The New Year is an exciting time—full of potential. But we’ve all been here before, right? We resolve to do things differently only to find ourselves falling back into familiar patterns until the next New Year rolls around. Below are a few thoughts that may help make this year the exception by giving you new ways to tackle problems.
“Have a beginner’s mind,” recommends Paul Bennett, creative director of the design firm Ideo, in a TED podcast. “Try to…look at the problem in a fresh way,” he advises. Moreover, when designing solutions, don’t just think of what will work, think of how it will work from the end-user’s perspective. “Put yourself in other people’s shoes,” Bennett says.
That’s excellent advice for security managers. Security solutions and policies that incorporate the user’s experience are less likely to be thwarted by workarounds.
Don’t just be quantitative, advises Roger Martin, dean of the Rotman School of Management and author of The Design of Business: Why Design Thinking is the Next Competitive Advantage. In a Harvard IdeaCast discussion of his book, he defines design thinking as the midpoint between purely inductive and deductive fact-based thinking and intuitive thinking. It’s a combination of analytic thinking and what he calls “inference to the best explanation…to produce something that is creative but replicable.”
I would call this trust but verify—trust your instincts, but verify your ideas with research and field tests.
Bryan Lawson in his book How Designers Think notes that creative problem solving generally has two components as first identified by the early 20th century mathmetician Henri Poincaré. The initial step is obvious: You have to do the hard groundwork to learn whatever is already known on the topic. The second step may be difficult for you to do: Stop concentrating on the problem you need to solve. Inspiration—the eureka moment—is most likely to strike when you give your mind a break and focus your attention elsewhere for awhile.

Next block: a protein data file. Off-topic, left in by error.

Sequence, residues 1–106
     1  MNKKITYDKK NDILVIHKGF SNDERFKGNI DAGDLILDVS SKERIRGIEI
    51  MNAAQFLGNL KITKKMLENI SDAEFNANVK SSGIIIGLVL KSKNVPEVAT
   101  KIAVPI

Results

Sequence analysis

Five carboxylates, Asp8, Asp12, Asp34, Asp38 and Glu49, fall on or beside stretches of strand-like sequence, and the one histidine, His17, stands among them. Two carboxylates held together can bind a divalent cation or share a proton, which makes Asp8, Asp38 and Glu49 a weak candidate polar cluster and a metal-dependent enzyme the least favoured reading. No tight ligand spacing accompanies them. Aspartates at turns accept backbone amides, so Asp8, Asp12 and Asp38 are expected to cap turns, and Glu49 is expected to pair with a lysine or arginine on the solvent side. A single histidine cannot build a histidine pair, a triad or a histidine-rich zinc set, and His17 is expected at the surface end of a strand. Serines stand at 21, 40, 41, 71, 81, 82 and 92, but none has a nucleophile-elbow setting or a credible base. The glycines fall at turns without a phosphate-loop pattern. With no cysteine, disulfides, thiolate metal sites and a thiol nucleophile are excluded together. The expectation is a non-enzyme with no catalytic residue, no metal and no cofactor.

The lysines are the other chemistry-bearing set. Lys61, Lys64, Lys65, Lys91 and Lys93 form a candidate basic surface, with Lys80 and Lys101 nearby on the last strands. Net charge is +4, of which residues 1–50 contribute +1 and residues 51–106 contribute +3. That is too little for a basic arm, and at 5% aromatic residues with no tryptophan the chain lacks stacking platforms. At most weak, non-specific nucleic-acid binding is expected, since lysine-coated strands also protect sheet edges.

Another lesson comes from the business world, where Macy’s department store is now moving away from a “one size fits all” approach. Management has discovered that sales are higher when stores selectively stock shelves with merchandise that has a local connection. If your company has multiple sites, especially if they are in different countries, consider whether there are ways in which you can improve employee support of security by more closely relating training lessons to the local culture and to their own concerns.
As for improving staff performance, studies in hospitals have shown that when it comes to reducing errors that can cost lives, sound protocols can matter far more than advances in science. Likewise, the solution to some security problems may be a better systemic policy and retraining on the basics rather than more technology. That tracks with the philosopher William of Ockham’s dictum that the simplest solution is usually best.